On the morning of Oct. 15, Senator Beth Johnson Park, on the corner of Legion Place and South Ivanhoe Avenue, was officially occupied. From there, a crowd estimated at more than 1,000 marched through the streets of downtown Orlando as part of the Occupy Orlando protest – a local effort related to the Occupy Wall Street movement in New York City – and some planned to stay at the park to protest indefinitely. But as the day wore on, these protesters had a decision to make. The park closes at 11 p.m. Should they stay and risk arrest, or leave the park at closing time and reconvene in the morning?
Approximately 40 people willing to protest through the night weighed their options, just as others have been doing in cities across the country since the occupation movements of the past month have taken hold. By the time eight Orlando police officers arrived on the scene late into the evening, the group, mostly comprising people in their 20s and 30s, had agreed upon a nonconfrontational solution: Everyone would leave the park, but those who wanted to protest into the night would move to the adjoining sidewalk and continue their march. They would march in shifts; those who weren’t marching could catch up on sleep – some in their cars – until it was their turn to protest. After everyone had served their assigned shifts, it would be 6 a.m. – time to reoccupy the park.
“We are the 99 percent!” chanted the first of the graveyard shifts, marching in loops around the block. Though this was the third march of the day for many protesters, it was still only the first day of the occupation, which, until something changes, has no end date.
Just as thousands have been doing in lower Manhattan’s Zuccotti Park since September, those who are part of Occupy Orlando are laying claim to public space to protest economic inequality in the United States. In Orlando, Senator Beth Johnson Park was chosen because of its proximity to the Orlando Regional Chamber of Commerce, which has been singled out for special opprobrium by leftists because it lobbies for business-friendly legislation – a term associated with corporate tax loopholes and stripped-down worker protections. After a sizable march kicked off the occupation on Oct. 15, Doug Head, former Orange County Democratic Executive Committee chair, accused the chamber of “indoctrinating” potential political candidates through its Leadership Orlando program. “They all get trained, in that building, on how to screw you,” he told the crowd during Saturday’s protest. The chamber’s director of communications and president of Leadership Orlando, Ruth Mustian, could not be reached for comment.
Despite criticism of the various occupation movements that portrays the protesters as mostly disgruntled, college-educated young people, the crowd at Occupy Orlando was diverse – those who spoke before the march ranged from a white former Army sergeant to an Indian college student to a Latina homemaker. Even among the younger crowd, a wide range of interests is represented: Some are “hacktivists” affiliated with the group Anonymous, others are Ron Paul enthusiasts, but most defy easy categorization. Take, for example, Rebecca Cruz, one of the media coordinators for the group. She’s a photographer by trade, but quit her job in 2006 after she gave birth to her son. “It was a good decision at the time – but now that I could stand to go back to work, I can’t,” Cruz says. “I’m competing against a ridiculous amount of people.” She says she joined because the message of the Occupy Wall Street protests struck a chord with her.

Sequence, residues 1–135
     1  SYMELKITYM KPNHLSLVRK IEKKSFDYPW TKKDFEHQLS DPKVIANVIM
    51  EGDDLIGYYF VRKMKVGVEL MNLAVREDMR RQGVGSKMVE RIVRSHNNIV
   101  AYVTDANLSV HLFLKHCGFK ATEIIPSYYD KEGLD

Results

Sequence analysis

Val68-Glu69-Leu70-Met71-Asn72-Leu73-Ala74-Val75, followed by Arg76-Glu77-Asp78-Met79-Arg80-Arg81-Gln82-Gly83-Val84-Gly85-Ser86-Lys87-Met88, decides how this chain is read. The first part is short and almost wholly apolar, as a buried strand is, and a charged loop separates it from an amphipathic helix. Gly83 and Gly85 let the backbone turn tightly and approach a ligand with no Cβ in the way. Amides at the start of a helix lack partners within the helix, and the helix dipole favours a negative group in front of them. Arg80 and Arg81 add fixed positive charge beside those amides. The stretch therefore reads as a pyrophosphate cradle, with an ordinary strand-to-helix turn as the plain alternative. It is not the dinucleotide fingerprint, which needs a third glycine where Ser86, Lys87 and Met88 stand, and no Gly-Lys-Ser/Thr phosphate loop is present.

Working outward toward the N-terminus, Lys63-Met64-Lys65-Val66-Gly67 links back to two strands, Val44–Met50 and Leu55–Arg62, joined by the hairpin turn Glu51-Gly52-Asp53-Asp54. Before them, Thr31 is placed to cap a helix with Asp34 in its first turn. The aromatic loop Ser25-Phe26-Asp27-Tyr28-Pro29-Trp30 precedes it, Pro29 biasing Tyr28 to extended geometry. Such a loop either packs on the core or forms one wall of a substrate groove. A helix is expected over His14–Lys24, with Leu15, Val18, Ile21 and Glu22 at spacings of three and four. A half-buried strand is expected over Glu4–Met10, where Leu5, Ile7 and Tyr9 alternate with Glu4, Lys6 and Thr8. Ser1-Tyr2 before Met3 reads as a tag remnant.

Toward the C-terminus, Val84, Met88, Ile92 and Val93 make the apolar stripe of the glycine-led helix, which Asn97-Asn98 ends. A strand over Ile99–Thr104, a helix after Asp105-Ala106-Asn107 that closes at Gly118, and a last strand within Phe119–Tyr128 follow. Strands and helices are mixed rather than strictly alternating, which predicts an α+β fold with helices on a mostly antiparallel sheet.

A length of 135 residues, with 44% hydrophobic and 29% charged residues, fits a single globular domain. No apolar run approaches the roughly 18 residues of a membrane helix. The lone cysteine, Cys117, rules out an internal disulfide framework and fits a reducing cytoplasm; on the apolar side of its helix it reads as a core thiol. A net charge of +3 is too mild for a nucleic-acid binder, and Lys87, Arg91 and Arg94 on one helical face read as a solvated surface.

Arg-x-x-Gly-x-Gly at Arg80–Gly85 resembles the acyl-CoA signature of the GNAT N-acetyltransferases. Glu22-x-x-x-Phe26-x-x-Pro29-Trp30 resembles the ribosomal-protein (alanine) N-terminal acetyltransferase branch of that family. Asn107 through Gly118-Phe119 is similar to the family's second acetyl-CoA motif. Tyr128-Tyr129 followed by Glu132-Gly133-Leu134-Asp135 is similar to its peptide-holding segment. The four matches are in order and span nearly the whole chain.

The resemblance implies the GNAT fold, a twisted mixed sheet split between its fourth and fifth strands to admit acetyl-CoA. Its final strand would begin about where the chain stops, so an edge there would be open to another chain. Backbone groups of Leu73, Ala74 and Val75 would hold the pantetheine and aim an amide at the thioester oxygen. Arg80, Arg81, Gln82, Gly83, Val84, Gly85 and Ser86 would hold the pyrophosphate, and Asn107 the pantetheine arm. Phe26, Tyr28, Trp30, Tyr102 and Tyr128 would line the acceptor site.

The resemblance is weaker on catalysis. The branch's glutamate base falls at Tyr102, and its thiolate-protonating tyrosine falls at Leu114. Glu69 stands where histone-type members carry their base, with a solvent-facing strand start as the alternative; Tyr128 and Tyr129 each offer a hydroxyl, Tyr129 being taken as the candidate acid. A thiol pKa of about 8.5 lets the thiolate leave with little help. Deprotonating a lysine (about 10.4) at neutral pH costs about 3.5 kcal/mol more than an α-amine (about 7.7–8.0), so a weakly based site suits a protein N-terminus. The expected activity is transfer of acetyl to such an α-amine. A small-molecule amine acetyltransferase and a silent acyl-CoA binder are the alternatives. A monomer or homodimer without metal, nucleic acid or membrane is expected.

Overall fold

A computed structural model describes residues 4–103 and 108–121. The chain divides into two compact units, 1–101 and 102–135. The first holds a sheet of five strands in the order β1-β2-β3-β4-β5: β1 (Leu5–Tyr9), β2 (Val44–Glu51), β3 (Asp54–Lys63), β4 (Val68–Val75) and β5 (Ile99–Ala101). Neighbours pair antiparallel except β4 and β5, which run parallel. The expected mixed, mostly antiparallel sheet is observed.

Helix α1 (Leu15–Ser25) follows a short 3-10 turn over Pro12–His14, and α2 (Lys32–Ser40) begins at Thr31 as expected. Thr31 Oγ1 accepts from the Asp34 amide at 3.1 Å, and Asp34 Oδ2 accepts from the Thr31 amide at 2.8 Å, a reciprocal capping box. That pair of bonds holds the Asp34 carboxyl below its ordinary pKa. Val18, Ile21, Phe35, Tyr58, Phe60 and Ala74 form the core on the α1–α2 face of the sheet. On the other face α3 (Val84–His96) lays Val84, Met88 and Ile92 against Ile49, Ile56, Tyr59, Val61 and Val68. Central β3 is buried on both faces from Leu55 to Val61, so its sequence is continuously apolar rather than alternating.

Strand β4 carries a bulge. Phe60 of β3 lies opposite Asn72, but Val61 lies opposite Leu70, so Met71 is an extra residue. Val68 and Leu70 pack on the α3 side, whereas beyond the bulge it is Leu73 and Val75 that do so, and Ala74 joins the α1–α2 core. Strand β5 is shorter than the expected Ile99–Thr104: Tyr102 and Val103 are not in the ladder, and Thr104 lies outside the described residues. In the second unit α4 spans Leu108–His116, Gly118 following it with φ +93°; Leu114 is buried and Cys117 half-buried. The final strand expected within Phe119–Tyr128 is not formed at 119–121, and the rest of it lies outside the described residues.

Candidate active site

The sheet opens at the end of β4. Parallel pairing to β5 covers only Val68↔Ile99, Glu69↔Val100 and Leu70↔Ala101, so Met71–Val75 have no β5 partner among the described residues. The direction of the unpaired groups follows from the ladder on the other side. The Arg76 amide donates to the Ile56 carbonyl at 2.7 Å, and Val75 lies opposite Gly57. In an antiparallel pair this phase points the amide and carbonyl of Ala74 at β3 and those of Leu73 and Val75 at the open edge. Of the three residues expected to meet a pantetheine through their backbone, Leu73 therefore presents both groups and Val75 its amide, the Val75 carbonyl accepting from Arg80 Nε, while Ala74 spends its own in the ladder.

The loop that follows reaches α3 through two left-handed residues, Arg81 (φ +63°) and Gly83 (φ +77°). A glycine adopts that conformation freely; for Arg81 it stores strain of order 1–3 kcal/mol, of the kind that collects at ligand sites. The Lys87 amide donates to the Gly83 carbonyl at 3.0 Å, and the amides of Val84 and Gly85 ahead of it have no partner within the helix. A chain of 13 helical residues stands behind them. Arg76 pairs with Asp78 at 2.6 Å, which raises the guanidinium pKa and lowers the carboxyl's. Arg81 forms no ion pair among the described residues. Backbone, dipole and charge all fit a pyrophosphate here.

Like Occupy Wall Street, Occupy Orlando has no official leaders, no elected hierarchy. Instead, it is composed of “working groups” devoted to specific issues – teams of people volunteer to tend to the group’s food, medical, media, peacekeeping and legal needs, among others. (Both the current and former lawyers of Food Not Bombs, Shayan Elahi and Jackie Dowd, say they have trained roughly 35 people to be legal observers for the legal team.)
It’s too early to say what a typical day of the Orlando occupation looks like – this article is being written mostly on the basis of observing its first weekend – but every day includes a general assembly, which is what one organizer referred to as the heart of the movement. It is there that the activists propose ideas to be voted on, which first have to pass a validity check by a volunteer coordinator, a “what-why-how” test to determine whether it can be implemented, and finally, the yea or nay vote of a 90 percent majority.
Occupy Orlando is also like Occupy Wall Street in that it has not yet established any specific overarching goals, policy initiatives or demands. So far, the only clear goal of the occupation is to continue the occupation. “Our movement is far too young to adopt a specific political philosophy,” said one organizer, a man in his 40s, who asked that his name not be disclosed. “We’re here not to provide solutions yet, but to get people asking questions.”
Evanne Floyd, a drama teacher from Brevard County (which reportedly is also being occupied) who visited to help Occupy Orlando’s media and “protest leads” teams, put it this way: “This is like a crowd-sourced protest.” Floyd got involved not only because of her outrage over actual economic inequality, but also due to what she feels is a cultural dogma that teaches people to feel worthless if they’re unemployed. “When did we get to that point, where you’re only worth what you earn?” she asks. “[People] just leap to the conclusion that you must be poor because you fucked up.”
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